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Fake News

This guide is all about news, newspapers and so called Fake News. What it is, What it means, How to spot it and how to find quality, reliable information.

What is Fake News?

Definition of Fake News

fake news: false, often sensational, information disseminated under the guise of news reporting.

The term 'Fake News' has become increasingly widespread in recent years, particularly in relation to politics, news and social media. Misinformation, spin, lies and deceit have of course always existed. What makes Fake News different is a unique set of recent circumstances:

  • The growth and influence of social media and the emergence of algorithms and so-called 'echo chambers'
  • People able and willing to make stuff up and post it online, either for political purposes or financial gain
  • Several significant political elections

Fake News has become such a significant issue that in January 2018 the UK government announced that it was creating a brand new department specifically designed to counter it.

The BBC has suggested there are basically two kinds of Fake News:

  1. False stories that are deliberately published or posted to either make people believe something that is totally untrue or to get lots of people to visit a certain website.    
  2. Stories that may have some truth in them, but are not completely accurate. This may be because the people writing them - journalists or bloggers for example - don't check all the facts before publishing or posting their story, or may exaggerate some of it to try and get more attention.

How to spot Fake News

how to spot fake news infographic


In the links below you will find some examples of fake news, including ways to help you spot a fake news story. 

This ITV news report gives some examples of fake news and how to spot it. 

Back in 2016 suggested that Facebook and Google were to crack down on fake news. Access the report which outlines how to spot fake news. 

2017 saw a huge rise in fake news stories. The BBC website ran this item How fake news plagued 2017

Social media platforms are renowned for creating, publishing and sharing fake news items. Take a read of this Blog 11 easy ways to spot a fake twitter account instantly by Chris Makara  an SEO with more than 15 years of digital marketing experience

The British Council have produced a very helpful How to spot fake news test. 


Filter Bubbles and Algorithms

CIGI-IPSOS  Global Survey 2019 : Internet security & trust: (part 3 Social media, fake news & algorithms

The OU have produced a series of videos Social media - fake news, filter bubbles and sharing wisely!

Information Literacy -Transferable skills

Information literacy is more important than ever before, because we are surrounded by more information than ever before.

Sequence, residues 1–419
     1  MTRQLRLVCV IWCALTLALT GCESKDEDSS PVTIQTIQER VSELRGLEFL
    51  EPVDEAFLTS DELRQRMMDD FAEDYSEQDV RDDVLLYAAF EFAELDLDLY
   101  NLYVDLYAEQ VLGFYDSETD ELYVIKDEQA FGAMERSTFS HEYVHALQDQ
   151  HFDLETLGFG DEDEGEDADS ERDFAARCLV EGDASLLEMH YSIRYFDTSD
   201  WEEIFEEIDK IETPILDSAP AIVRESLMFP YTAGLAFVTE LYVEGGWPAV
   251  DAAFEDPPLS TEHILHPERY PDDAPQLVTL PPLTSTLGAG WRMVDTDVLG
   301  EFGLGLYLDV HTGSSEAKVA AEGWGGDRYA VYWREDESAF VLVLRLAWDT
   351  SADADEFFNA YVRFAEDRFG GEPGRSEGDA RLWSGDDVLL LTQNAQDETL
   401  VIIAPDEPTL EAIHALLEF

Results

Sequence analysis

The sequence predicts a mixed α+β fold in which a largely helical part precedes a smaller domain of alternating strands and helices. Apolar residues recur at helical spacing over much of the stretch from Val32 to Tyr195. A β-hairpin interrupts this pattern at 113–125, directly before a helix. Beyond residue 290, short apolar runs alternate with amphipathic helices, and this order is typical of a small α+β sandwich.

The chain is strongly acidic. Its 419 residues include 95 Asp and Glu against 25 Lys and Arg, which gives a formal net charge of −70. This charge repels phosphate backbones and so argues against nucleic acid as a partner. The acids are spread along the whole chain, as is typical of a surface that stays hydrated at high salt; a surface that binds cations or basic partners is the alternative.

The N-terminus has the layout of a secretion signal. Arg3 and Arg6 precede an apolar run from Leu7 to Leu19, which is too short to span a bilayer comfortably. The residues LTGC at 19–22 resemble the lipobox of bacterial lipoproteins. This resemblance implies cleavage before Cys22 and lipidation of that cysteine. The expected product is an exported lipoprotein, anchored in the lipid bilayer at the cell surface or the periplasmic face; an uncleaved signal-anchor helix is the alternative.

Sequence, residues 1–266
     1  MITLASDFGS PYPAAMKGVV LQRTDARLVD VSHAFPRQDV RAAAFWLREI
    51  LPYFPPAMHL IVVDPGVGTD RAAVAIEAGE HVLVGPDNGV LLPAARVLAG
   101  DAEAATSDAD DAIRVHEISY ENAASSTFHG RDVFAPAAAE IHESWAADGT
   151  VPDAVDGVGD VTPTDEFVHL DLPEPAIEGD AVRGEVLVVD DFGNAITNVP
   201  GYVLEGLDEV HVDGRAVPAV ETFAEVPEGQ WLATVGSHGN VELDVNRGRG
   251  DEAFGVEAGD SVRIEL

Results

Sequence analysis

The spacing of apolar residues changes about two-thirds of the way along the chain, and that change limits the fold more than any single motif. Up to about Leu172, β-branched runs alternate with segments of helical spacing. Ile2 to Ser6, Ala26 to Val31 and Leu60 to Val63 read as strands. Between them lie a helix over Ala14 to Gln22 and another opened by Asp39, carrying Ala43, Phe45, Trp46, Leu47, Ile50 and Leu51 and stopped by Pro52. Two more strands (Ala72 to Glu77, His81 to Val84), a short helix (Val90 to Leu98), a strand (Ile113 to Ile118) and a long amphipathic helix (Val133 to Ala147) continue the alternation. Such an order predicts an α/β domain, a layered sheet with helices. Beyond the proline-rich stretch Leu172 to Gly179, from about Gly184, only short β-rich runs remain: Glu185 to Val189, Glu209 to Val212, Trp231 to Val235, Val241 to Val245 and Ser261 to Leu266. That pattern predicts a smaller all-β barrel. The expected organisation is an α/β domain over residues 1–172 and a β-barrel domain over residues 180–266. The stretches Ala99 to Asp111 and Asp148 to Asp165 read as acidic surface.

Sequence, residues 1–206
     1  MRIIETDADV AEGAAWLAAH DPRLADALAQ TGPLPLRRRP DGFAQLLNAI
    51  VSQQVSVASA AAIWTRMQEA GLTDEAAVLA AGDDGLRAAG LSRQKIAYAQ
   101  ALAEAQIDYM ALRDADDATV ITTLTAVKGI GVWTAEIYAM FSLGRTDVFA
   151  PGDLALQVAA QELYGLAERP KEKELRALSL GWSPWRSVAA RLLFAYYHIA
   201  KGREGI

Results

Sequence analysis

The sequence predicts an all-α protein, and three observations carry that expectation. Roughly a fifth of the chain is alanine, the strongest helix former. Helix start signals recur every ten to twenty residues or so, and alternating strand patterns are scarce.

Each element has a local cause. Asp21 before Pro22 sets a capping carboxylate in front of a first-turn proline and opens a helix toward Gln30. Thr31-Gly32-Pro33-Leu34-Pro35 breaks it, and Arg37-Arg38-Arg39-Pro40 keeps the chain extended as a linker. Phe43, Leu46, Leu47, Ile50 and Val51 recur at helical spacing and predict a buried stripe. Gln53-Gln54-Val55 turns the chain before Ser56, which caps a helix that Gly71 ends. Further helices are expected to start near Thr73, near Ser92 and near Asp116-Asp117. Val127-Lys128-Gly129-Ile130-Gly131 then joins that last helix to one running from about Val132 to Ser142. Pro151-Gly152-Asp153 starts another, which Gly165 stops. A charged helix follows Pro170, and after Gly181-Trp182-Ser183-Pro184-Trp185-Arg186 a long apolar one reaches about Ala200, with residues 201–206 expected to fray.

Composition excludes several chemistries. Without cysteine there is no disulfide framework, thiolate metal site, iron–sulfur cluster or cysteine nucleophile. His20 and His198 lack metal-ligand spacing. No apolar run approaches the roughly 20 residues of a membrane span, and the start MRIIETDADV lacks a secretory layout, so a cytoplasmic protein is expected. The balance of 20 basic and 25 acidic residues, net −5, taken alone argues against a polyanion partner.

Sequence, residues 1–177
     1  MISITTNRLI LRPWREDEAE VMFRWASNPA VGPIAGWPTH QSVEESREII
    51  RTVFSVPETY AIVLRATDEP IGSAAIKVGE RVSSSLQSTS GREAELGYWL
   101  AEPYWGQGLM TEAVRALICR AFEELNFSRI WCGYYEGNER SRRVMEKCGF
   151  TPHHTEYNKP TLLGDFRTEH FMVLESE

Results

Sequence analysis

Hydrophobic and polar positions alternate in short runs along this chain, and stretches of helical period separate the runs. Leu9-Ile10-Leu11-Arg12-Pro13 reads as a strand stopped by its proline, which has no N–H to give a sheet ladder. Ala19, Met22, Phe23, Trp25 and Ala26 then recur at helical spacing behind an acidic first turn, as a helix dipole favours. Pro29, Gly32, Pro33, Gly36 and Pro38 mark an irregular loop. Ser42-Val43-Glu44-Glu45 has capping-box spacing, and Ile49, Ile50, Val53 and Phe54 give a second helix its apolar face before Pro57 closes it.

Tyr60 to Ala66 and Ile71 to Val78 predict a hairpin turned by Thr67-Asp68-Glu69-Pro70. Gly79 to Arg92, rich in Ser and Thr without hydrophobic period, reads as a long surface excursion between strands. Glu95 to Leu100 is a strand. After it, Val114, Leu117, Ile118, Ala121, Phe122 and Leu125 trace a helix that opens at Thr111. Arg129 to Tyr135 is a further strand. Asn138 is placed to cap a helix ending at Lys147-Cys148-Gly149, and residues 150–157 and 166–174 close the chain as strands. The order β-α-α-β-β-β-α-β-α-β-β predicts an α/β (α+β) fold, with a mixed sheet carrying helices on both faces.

•  Information literacy is to encourage you to 'deep read', to really engage with sources, to ask questions about sources and where necessary to explore ideas further.
  •  To have a full and rounded understanding of the sources you're reading (what are the key ideas?) and then being able to transfer that understanding into an assignment.
  • To help assess the validity and reliability of sources, always considering strengths and weaknesses, agendas, and context. Sorting through the rubbish! 

What are information Literacy Skills?

  • Find information  - search the library catalogue, and other search engines 
  • Evaluate- check the source, and the information you have found 
  •  is it from a trusted site/source?
  • Can you find other relevant pieces of information  to back it up?
  • How is it written/produced/displayed? 

Why are they transferable skills? 

Are you aware that you are already using information literacy skills? 

Online shopping as an example 

  • Do you know the company?  Are they reputable?
  • Can you find any information about the company? Any reviews? 
  • Refine results, to style, fit, size, colour etc. 

 Tips to help you with the quiz below

  • Consider the Source - Click away from the story to investigate the site, its mission and its contact info.
  • Read Beyond - Headlines can be outrageous in an effort to get clicks. What's the whole story?
  • Check the Author - Do a quick search on the author. Are they credible? Are they real?
  • Supporting Sources? - Click on those links. Determine if the info given actually supports the story. 
  • Check the Date - Reposting old news stories doesn't mean they're relevant to current events.
  • Is it a Joke? - If it is too outlandish, it might be satire. Research the site and author to be sure. 
  • Check your Biases - Consider if your own beliefs could affect your judgment. 
  • Ask the Experts - Ask a librarian or consult a fact-checking site. 

Practice your information literacy skills using these stories taken from the Fake news quiz. 

Police in Germany rescue man being chased by baby squirrel